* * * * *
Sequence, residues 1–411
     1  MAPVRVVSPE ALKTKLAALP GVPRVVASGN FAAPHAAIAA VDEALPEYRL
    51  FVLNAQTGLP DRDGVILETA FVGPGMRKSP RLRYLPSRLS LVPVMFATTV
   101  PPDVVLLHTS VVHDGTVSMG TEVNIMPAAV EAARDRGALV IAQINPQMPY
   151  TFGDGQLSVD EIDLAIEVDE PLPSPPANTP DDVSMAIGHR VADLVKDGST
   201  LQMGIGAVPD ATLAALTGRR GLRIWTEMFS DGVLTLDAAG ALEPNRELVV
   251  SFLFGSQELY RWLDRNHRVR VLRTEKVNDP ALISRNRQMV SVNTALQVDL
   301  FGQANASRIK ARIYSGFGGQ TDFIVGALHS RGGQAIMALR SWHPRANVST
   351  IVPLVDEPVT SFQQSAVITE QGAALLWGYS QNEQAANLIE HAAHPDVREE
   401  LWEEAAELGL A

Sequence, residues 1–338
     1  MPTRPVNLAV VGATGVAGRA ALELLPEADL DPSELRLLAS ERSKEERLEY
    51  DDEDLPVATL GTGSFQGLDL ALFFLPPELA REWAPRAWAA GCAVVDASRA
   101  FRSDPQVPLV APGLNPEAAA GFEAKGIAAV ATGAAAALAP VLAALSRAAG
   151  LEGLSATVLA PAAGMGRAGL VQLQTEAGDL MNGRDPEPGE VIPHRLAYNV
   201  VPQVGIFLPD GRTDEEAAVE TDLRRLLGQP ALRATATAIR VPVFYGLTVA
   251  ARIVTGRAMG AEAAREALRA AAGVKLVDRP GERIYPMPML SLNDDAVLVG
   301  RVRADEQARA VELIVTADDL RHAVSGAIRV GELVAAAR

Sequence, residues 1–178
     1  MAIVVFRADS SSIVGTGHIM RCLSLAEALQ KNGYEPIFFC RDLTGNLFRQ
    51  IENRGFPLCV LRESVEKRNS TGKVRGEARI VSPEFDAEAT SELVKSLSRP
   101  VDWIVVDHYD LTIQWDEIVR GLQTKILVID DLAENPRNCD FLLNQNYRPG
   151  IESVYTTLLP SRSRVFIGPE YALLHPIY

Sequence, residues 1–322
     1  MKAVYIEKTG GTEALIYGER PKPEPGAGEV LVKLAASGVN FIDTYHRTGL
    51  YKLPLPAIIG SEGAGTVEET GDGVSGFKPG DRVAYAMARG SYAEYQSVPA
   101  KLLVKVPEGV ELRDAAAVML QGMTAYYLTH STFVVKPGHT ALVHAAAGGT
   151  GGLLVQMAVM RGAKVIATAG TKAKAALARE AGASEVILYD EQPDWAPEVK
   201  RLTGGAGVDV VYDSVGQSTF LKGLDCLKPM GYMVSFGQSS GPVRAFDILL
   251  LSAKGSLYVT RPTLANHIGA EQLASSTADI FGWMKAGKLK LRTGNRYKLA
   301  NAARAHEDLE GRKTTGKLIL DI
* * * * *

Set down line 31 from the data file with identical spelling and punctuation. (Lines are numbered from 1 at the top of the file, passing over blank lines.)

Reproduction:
   301  NAARAHEDLE GRKTTGKLIL DI